Home>Levelset Community>Legal Help>We have a prelim notice but our customer refused to provide the General. We only have our customer as a sub and the property owner. Is the prelim still enforceable? ( We are in the state of California)
We have a prelim notice but our customer refused to provide the General. We only have our customer as a sub and the property owner. Is the prelim still enforceable? ( We are in the state of California)
We have a situation where our customer is not paying. We did file the prelim in time but our customer refused to provide the General Contractor for the job. We do have the sub (our customer) and the home owner. Is the prelim still enforceable?
Oct 22, 2018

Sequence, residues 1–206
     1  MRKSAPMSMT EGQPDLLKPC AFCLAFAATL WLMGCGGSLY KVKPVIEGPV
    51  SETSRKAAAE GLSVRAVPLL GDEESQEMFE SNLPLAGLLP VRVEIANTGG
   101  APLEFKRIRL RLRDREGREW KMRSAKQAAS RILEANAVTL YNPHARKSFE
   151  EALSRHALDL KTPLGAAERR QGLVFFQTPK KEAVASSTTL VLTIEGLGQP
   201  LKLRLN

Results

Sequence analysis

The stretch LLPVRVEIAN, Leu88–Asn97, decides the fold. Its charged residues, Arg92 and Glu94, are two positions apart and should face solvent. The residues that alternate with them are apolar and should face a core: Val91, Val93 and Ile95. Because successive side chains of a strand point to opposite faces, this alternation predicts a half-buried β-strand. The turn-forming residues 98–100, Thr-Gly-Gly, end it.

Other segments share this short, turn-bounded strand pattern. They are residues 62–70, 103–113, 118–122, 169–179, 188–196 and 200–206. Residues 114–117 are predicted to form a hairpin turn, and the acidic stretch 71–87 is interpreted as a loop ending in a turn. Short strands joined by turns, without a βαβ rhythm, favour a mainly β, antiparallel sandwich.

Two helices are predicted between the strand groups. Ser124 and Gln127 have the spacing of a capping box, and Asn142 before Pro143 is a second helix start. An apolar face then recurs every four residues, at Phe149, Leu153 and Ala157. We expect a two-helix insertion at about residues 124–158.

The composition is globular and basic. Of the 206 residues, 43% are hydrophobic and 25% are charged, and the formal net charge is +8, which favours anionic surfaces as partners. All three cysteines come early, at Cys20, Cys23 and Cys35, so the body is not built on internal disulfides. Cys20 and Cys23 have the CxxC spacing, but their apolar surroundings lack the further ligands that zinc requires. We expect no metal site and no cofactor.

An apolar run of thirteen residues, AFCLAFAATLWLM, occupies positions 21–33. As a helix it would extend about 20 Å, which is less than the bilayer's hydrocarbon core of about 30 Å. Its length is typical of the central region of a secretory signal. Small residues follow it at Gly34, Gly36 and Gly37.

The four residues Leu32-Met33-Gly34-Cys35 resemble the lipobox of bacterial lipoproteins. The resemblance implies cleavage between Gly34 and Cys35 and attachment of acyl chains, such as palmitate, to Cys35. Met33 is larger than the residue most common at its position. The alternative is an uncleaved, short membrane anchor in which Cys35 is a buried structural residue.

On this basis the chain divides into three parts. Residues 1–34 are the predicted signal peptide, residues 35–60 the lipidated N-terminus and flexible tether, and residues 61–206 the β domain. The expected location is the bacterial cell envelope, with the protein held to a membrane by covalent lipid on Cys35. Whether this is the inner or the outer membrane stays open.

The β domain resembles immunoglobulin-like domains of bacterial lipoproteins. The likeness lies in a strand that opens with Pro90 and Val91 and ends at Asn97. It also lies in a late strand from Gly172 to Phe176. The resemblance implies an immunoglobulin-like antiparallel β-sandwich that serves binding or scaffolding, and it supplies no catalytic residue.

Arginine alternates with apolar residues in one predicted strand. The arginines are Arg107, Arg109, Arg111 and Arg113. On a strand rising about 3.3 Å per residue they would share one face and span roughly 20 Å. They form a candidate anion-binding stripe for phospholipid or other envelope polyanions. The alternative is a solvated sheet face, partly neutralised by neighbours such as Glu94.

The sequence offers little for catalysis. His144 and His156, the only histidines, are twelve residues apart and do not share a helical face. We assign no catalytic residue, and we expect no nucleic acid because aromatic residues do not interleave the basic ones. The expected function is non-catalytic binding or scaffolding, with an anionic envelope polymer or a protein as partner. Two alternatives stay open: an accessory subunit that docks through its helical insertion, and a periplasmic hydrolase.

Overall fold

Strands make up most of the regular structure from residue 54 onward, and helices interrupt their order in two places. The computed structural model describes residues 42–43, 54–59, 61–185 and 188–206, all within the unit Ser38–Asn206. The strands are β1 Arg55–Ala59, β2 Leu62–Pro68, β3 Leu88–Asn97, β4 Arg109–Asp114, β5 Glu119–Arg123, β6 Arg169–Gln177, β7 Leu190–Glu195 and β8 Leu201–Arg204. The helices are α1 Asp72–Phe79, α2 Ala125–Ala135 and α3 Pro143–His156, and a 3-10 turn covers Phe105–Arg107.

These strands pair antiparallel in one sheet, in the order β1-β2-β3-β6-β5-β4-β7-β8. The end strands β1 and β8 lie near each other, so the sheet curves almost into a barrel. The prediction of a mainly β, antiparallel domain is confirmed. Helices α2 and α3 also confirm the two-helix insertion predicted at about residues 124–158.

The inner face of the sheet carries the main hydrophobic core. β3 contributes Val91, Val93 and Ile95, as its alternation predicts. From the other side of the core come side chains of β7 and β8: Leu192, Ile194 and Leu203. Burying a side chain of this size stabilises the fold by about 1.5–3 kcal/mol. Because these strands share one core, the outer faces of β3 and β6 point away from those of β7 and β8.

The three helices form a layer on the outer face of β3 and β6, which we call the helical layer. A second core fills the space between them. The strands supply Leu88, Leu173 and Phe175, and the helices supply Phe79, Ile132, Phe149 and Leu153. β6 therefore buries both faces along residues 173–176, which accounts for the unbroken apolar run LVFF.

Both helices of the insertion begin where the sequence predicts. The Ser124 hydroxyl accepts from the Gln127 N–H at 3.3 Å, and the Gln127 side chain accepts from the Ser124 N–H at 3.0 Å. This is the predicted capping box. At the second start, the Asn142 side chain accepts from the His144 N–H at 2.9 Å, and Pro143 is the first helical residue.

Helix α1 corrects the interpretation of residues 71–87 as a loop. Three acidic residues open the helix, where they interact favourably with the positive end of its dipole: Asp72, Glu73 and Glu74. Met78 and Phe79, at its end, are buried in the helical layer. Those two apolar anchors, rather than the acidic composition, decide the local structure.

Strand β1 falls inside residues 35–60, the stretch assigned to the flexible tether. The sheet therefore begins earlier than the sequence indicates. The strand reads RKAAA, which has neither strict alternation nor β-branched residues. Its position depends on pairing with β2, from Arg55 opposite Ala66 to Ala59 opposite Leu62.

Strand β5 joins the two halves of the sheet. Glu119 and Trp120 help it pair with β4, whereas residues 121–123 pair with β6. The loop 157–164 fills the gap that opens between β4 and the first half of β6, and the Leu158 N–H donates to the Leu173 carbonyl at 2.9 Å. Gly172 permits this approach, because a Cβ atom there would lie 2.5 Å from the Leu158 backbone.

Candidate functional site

That's a good question. Under § 8200 of the California civil code, preliminary notice must be sent to "The direct contractor or reputed direct contractor..." Correctly identifying the direct contractor and sending notice to that party (along with the owner) is always the best way to preserve lien rights. But, looking at the language of that requirement, it does appear that there's some room for error. Specifically, the word "reputed" is used. It's used a handful of times throughout the California mechanics lien statute, but it's not specifically defined in the statute. However, the word, at least in the lien law setting, typically provides some margin for error - if the "reputed" information is exchanged in good faith but is incorrect, it could still be effective. Thus, sending notice that lists a presumed general contractor could be effective as long as a claimant has reason to believe they're the direct contractor. Of course, a safer option for a claimant could be to discuss the matter with their customer and ease any worries - explaining why notice is being sent (i.e. to improve communication and transparency as well, and not merely in order to file a lien). Providing context on why the general contractor's information is being requested could help to obtain that information. Finally, in a situation where the direct contractor is unknown and that information can't be readily obtained, requesting the contractor's information from the property owner could help. Plus, the general contractor's name and contact information should also be present in any building permit of Notice of Commencement - so that info could be obtained via a records search, as well.